In January, Google decided to make Google Earth Pro free for everyone -- that means we can all make use of features that previously cost $US400 a year, and one of those features is the ability to record HD video of your tours. From floating along the Grand Canyon to zooming into your local neighbourhood, here's how to record your own fly-throughs using the software.
First of all you need to download the Google Earth Pro software to your system. When you get to the login dialog, which pops up right away, enter your email address as your username and GEPFREE as the licence key. You should then be into Google Earth Pro and all its features, including HD video tours.
There are a few different ways to approach this: The most straightforward is to click Tools, then Movie Maker, then Create Movie. The software then records all of the movements you make, in real time, until you click the Stop Recording button. Use the keyboard and mouse to move around, and your movements are recorded, it's as simple as that (the arrow keys, plus Shift and Ctrl/Cmd cover most of the navigation).
The Live mouse and keyboard navigation option needs to be checked in the Movie Maker dialog if you want to create fly-throughs in this way. Other options enable you to set the video quality (up to 1920 x 1080 HD), the video format, and the video file output location. When the recording is finished, you can view it straight away.
If you want to plan your fly-through in advance, you need to create a tour. You'll see the A saved tour option in the Movie Maker dialog. This is easily done: Head to all of the places you want to include en route, and set a placemark at each one via the Add Placemark button on the toolbar. It helps if you keep them organised in a single folder, and you can untick the placemarks if you don't want the yellow pins to be visible in your video.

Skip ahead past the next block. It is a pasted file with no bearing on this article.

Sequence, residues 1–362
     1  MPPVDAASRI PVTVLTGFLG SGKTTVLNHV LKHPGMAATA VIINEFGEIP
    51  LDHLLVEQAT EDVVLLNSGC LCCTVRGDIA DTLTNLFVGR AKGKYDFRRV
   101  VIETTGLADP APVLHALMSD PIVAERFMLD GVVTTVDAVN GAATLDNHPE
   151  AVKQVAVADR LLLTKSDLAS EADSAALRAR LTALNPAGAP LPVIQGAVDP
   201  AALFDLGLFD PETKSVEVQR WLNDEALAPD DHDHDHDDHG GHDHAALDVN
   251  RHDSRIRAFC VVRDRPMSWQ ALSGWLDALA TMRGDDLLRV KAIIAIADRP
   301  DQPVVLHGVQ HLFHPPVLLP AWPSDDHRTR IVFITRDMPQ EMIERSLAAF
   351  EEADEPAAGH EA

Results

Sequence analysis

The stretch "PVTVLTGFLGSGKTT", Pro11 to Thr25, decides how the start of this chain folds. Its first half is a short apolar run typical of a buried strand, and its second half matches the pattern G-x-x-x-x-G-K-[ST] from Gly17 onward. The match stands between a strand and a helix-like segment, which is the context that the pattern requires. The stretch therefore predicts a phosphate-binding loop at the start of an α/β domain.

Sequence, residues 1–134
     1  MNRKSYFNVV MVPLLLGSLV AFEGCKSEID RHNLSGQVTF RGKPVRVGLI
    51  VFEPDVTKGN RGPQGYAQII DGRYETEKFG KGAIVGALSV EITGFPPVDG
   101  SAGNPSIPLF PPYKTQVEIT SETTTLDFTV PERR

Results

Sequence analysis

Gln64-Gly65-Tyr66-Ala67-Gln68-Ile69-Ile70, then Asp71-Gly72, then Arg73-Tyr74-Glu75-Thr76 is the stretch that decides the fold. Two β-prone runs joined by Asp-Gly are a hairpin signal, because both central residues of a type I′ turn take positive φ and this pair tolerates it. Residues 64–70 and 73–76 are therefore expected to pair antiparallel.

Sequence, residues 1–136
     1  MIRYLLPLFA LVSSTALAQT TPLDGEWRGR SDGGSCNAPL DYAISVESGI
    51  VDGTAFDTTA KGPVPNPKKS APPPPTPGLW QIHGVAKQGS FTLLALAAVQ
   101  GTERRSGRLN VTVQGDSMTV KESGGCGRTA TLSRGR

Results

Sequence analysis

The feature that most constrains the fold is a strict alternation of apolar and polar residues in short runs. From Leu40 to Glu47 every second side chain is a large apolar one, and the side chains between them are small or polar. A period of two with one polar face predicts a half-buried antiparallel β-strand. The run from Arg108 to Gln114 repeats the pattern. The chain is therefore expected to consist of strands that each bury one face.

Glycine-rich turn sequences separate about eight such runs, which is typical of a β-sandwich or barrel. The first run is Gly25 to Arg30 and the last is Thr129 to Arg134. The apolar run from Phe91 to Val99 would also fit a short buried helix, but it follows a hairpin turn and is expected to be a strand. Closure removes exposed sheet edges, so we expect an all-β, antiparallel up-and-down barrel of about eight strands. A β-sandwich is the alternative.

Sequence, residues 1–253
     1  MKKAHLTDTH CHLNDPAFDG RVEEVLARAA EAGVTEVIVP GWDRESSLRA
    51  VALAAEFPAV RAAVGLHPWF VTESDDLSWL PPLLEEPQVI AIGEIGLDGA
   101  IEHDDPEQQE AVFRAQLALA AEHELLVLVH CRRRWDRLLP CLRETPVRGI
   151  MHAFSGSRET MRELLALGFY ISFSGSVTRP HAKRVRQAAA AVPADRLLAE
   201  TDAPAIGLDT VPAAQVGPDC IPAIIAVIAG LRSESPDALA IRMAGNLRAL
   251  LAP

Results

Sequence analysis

Then, select the Record a Tour button on the toolbar. Click on the record button that pops up (hide the program's Tour Guide panel if you can't see it) and double-click each of your placemarks in turn at your own pace. Hit the record button again, and your tour is created. Use the floppy disc icon to save it, and it will become available in the Movie Maker dialog. as well as the sidebar to the left.
You don't have to stick to the placemarks -- the tour will record any manual movements you make with the keyboard and the mouse too -- but it's a simple way of jumping between particular points and views that you find interesting. The more placemarks you use, the more control you have over each step and camera position of your finished fly-through.
So, you can record your video freestyle, or use a preset tour, or even launch the recording in manual mode and then pick from your placemarks as you go along -- it's up to you. The software also lets you create tours from paths (such as driving routes). Your finished recording will be in the specified location for you to use as you wish.
There are a few more options available if you click Tools and then Options (it's under Google Earth and Preferences on a Mac), then open up the Touring tab. You can set how quickly the tour moves between different points, and how long it waits before moving on, as well as various other features.
Google Earth Pro is a complex piece of software and there's a lot to explore, but those are the basics of recording fly-throughs. You can now experiment with tours, placemarks, paths and lines as you wish to get the best results. The audio button (on the record tour pop-up) lets you add a narration via your computer's microphone if you want to talk your viewers through the action. Check out the Help Center for more pointers.